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suzuki250

Pre65 Project Costs

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I did a silly thing today, I totalled up how much I have spent on my engine rebuild (a Villiers 32a)

Including the buying the engine its cost just over £900 and I still haven’t got an ignition yet!

 

 I didn’t expect it to cost so much, the last time I rebuilt a complete engine it cost less than £300!

Edited by suzuki250

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Ouch!! what are you building, my greeves was supposed to be a good one, in the end its had full rebuild on the engine, new ignition,carb that doesn't work!!,New rims+stainless spokes, tyres, leavers, grips, pegs, not a lot of change from a grand. its probably best not to add up all your bills

Edited by hulmie

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I had a query from my insurance company about the agreed value of my bike, I then listed all of the component parts, the modifications from standard to make it competitive in today's trials ( ! ) , the list was exhaustive but necessary.

I proved my point and they accepted my valuation, the moral here is price it up before you start or you could end up spending more than the end result is worth although that is not the reason we build these bikes.

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Hi,

 

There's nothing like having to deal with an insurance company to make you think carefully about recording and keeping evidence of any costs involved.

 

Many years ago I was returning from the Arbuthnot to my home, in those days, in Welwyn, Herts., with my rigid BSA 350 on a bike rack across the back of my car.  Nearly home, by St Albans, I came off a roundabout on the dual carriageway, round a blind left-hand bend, to find a car and caravan parked across the road at right angles to the traffic flow - he had gone to make a U-turn before realising there was an Armco barrier along the centre division and just stopped. I braked as hard as I could, but hit him amidships between the car and caravan.  That stopped my car completely but the BSA parted company with the bike rack, slid up over the car and landed in a heap on the other side of the  car and caravan.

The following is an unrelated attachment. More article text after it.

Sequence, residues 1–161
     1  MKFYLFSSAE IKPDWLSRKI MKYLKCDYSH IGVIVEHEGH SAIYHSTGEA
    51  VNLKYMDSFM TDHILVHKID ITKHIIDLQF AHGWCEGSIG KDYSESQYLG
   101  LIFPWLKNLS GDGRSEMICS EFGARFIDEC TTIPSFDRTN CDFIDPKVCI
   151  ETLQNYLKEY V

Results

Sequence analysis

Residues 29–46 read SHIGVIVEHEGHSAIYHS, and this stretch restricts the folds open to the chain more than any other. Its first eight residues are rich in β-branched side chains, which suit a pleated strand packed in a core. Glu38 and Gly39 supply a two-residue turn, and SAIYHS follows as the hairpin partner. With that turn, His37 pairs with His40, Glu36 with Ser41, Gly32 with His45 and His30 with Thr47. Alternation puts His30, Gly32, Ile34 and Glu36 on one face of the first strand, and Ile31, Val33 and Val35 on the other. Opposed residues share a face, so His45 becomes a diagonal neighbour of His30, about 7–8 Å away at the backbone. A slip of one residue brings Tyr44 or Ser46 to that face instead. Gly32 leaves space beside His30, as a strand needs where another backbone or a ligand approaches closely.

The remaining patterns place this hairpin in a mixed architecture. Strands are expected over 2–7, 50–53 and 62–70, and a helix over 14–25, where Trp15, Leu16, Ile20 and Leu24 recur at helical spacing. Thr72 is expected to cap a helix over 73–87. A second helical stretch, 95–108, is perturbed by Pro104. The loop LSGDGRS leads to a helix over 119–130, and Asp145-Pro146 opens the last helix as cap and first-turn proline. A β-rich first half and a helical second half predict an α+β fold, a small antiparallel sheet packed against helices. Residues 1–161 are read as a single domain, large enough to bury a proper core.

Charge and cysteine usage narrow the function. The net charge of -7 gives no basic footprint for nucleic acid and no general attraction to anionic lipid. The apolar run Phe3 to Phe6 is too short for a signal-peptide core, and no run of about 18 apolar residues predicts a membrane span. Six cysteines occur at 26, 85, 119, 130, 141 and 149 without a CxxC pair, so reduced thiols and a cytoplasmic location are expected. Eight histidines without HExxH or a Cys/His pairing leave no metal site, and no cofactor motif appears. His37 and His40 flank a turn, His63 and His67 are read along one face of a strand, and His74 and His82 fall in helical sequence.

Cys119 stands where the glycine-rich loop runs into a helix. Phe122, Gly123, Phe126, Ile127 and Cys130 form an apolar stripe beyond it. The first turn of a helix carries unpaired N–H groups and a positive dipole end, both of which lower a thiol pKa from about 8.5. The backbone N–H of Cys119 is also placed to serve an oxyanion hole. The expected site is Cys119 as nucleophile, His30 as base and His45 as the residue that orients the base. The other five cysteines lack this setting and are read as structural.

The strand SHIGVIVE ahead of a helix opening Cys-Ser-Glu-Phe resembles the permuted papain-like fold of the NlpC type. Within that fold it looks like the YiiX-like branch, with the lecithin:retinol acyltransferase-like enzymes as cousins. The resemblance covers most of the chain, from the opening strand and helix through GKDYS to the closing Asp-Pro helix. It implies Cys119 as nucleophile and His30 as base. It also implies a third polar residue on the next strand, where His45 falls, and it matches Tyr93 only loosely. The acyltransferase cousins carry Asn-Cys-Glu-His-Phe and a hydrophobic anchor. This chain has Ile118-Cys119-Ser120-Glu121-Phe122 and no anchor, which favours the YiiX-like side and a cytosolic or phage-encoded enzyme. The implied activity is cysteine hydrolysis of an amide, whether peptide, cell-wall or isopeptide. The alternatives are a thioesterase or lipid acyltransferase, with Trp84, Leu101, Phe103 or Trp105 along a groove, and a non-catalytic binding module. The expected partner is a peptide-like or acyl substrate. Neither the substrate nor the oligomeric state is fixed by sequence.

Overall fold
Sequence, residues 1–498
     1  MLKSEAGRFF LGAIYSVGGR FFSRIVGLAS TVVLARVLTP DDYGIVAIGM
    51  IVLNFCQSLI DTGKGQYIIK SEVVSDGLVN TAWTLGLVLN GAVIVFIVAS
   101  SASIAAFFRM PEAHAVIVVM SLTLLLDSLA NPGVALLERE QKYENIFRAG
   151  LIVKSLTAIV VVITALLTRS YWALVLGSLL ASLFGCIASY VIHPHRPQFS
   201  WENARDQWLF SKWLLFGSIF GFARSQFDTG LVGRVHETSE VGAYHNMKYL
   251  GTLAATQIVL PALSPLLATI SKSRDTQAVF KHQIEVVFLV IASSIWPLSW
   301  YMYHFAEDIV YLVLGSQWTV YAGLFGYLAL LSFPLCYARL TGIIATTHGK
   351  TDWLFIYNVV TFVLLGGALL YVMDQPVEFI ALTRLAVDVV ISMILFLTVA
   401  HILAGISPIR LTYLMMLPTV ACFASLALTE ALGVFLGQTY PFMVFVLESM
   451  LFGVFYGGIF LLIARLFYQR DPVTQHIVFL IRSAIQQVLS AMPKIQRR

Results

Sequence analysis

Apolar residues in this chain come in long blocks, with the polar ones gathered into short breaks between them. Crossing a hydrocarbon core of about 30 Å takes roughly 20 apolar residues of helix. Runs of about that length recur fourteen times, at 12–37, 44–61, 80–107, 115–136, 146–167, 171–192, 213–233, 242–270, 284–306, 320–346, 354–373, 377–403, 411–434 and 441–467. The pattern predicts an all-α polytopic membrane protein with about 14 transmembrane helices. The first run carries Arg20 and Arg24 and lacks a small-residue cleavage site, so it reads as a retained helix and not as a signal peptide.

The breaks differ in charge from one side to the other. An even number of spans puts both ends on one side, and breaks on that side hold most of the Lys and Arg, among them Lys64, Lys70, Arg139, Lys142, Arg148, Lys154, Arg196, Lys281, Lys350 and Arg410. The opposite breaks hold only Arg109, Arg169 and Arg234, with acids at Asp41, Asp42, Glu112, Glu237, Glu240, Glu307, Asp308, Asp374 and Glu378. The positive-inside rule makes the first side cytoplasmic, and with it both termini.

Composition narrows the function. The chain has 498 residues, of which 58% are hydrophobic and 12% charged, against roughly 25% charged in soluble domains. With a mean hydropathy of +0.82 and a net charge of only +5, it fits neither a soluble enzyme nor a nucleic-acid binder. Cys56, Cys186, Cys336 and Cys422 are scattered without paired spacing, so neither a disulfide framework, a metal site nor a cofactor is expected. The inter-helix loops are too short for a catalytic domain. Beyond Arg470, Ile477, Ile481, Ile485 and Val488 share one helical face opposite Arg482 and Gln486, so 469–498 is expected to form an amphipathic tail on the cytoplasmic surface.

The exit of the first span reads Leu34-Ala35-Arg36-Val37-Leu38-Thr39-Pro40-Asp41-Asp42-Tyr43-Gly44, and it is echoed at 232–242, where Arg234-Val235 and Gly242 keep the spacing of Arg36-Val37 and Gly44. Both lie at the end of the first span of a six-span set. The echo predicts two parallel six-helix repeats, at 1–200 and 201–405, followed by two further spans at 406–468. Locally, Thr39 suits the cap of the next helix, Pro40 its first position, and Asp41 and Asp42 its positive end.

My car was still driveable, so the crumpled bike was lifted back on to the bike rack, tied down, and we limped home.

 

I always did my own repairs, so I kept all the bills for the bits that I had to buy, then sent in a claim to the insurance company simply for the bits.  They immediately queried where was the bill for the repair labour shop, I told them I had done the work myself so had not claimed, they replied that, in that case, I would have to have the machine inspected by an expert assessor to verify that the repairs had been done satisfactorily and that they would write shortly with details of the expert assessor they would nominate.

 

I assumed it was typical insurance company dragging their feet to avoid prompt payment and waited.

 

Within a week my wait was over, a nice crisp letter from them saying - wait for it - "in order to assess the quality of the repair to your classic BSA motorcycle we wish you to contact our independant expert, who will assess the quality of the repair.  Please contact Mr Deryk Wylde and arrange a suitable time for him to assess the repair................."

 

I rang them up and demanded to speak to a director responsible for claims investigation - and shortly after received a letter of apology with a cheque in full settlement of my claim.

 

I suspect you can guess I was not impressed.

 

Cheers

Deryk Wylde 

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My advice is if your going to build a pre 65 up from scratch is to have a figure which you think it will cost the double it.Ive built up several bikes over years for people and that as been the general rule of thumb.

Or buy a bike already done,Im very lucky that i can make componants that i need. If not i`d stick with the modern bikes.

I know of folks that if they had known what it would have cost they wouldn`t have bothered to start with.

Many parts tend to one off made because certain things aren`t remanufactered and thats when it gets

expensive.

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Thats why the Drayton Bantams have been so popular. You try building one to the same standard for £6500 . The Sows Ear project is going to cost a lot more than that but thats me i do know better but rarely follow my own advice :wall:  

Edited by old trials fanatic

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Ouch!! what are you building, my greeves was supposed to be a good one, in the end its had full rebuild on the engine, new ignition,carb that doesn't work!!,New rims+stainless spokes, tyres, leavers, grips, pegs, not a lot of change from a grand. its probably best not to add up all your bills

If you did all that for less than a grand, that good going!

 

The motor was for a bantam rolling chassis that I built some time ago, but I’ve had a change of plans.

I’m now after a Greeves that I can fit this motor to, the bantam now has another engine fitted.

Failing that if anyone wants to buy a fully rebuilt 32a motor it may appear in the classifieds shortly… ;) 

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Hi guys

 

I started to build Pre-65 trails bike. when started to buy things, soon realize it costly stuff and i cannot continue , now trying to build C15 green leaner :(

cost is increasing very fast. i believe may be after 20-25 years. these bikes will be for elite only. Sorry no offence , its just my opinion

 

@Charlie

I like Broony and your Mini Super Otter. :)

 

Regards

JH

 

 

Edited by bsa4life
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 I think we have gone well past the initial intention of pre 65 trials, where you could have an outing on your bike which was no longer competitive enough to get around the sections set for Spanish two strokes (absolutely no disrespect intended!).

 

To build a competitive pre-unit bike I'd expect the following ball park figures;

 

frame, swinging arm, foot rests, etc   £1,500